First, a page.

QUOTE: All generalisations are dangerous, even this one.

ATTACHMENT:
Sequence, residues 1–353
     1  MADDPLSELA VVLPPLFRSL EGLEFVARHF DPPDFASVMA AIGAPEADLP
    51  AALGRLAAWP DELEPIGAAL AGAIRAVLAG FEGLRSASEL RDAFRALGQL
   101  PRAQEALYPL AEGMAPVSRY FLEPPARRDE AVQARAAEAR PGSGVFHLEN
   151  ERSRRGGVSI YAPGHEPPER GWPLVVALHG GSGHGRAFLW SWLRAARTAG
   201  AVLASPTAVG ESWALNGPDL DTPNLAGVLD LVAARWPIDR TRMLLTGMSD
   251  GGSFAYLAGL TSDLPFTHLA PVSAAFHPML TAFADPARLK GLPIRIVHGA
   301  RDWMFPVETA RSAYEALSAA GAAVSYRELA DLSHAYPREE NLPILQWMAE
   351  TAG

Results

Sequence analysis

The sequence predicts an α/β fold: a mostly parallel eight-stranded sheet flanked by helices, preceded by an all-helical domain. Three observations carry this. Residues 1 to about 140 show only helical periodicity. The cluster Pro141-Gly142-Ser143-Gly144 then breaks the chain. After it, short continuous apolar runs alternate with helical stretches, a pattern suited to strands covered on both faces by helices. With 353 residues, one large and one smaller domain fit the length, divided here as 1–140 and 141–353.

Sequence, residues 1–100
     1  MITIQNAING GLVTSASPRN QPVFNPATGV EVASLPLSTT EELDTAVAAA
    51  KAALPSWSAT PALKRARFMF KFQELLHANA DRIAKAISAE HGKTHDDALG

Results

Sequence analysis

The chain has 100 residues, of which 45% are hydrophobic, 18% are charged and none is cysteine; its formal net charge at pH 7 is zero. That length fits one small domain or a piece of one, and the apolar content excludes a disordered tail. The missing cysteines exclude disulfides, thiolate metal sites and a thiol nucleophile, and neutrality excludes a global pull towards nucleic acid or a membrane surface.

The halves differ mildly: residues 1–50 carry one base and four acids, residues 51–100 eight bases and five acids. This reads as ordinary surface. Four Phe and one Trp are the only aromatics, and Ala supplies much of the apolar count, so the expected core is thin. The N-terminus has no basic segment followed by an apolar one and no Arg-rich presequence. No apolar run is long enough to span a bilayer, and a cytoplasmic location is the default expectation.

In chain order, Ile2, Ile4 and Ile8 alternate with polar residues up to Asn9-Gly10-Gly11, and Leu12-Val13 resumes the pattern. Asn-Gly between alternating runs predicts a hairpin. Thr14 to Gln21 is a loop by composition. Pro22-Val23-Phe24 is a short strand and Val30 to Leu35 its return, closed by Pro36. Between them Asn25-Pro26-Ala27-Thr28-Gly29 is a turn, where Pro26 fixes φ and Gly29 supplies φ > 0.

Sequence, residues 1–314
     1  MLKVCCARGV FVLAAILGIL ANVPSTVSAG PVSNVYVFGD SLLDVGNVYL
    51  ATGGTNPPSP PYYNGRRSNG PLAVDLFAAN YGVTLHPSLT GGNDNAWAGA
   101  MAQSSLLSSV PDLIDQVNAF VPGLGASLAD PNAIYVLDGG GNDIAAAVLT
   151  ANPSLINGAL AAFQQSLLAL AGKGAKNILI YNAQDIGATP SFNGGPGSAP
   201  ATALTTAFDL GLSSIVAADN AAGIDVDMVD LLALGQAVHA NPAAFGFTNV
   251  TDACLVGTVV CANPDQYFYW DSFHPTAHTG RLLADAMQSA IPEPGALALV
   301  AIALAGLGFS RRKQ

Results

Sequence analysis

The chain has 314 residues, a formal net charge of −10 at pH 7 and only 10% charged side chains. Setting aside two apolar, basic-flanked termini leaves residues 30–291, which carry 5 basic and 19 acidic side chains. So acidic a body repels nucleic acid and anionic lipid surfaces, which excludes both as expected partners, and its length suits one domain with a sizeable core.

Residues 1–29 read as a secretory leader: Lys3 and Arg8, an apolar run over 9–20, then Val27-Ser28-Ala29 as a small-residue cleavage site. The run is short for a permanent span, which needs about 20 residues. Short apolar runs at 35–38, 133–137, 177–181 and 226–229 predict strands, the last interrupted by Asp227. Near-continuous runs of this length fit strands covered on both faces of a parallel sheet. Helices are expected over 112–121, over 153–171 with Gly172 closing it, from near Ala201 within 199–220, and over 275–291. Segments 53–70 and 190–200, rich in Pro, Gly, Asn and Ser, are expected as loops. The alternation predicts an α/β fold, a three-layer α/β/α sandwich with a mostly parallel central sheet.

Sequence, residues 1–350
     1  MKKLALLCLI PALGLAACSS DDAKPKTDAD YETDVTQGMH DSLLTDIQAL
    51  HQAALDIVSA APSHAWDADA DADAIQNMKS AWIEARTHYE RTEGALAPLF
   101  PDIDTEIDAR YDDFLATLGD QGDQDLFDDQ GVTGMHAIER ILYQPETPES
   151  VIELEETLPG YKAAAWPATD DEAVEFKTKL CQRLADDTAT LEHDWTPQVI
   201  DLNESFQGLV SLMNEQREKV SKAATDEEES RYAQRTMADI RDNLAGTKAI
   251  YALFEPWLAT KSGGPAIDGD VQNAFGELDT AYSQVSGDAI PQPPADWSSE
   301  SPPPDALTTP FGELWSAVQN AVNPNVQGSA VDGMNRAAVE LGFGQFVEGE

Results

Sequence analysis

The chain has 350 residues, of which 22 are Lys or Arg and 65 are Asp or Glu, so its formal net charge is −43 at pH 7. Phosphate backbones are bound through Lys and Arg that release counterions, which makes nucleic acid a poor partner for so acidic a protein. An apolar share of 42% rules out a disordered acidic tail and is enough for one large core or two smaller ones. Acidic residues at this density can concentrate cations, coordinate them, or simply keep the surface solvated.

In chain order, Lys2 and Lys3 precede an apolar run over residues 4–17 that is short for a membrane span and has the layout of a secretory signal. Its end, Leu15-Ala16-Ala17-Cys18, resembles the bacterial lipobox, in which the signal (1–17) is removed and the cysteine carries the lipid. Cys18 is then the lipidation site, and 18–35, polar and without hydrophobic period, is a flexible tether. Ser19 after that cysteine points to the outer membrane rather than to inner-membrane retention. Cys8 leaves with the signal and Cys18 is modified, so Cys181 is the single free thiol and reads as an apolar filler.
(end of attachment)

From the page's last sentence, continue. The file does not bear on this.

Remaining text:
Generalizations exist in many contexts of today’s society. From self-experience or hearing of another’s, people form opinions about countries, food, companies, people some of which involve religious and ethnic groups. These opinions are passed on and thus the birth of stereotypes, a generalization about a group of people whereby defined sets of characteristics are attributed. It can be a dangerous thing to assume ALL people of a particular group are one way or another because this leads to scrutiny and discrimination for otherwise innocent people. The September eleven bombings in the USA believed to be a result of suicide attacks lead by Muslim extremist groups received extensive media coverage over a long period. Muslim’s were portrayed as corrupted and violent and the religion itself a driving force for the bombings. A generalization surfaced that Muslim’s “must ALL be terrorists.” As airport security was advanced in many countries, Muslim’s, men and women wearing religious clothing were said to have been under greater scrutiny compared to other traveller’s because of their religion. This type of generalization is unfair and discriminatory to the innocent Muslim’s, especially women and children who themselves suffer at the hands of extremist groups such as the Taliban in Afghanistan. Indigenous Australians are often portrayed as alcoholics. Although it is true that there are Indigenous Australian’s out there that are alcoholics, so too can be said for non-indigenous Australian’s. Most people that would make such a generalization probably don’t have factual evidence or any statistics to back up their belief. Thus this generalisation exists because it is easier to characterize indigenous Australian’s based on their similarities such as features and skin colour, than it is non-indigenous Australian’s. The same way that Muslim’s are characterized by their choice of clothing. In making such assumptions...
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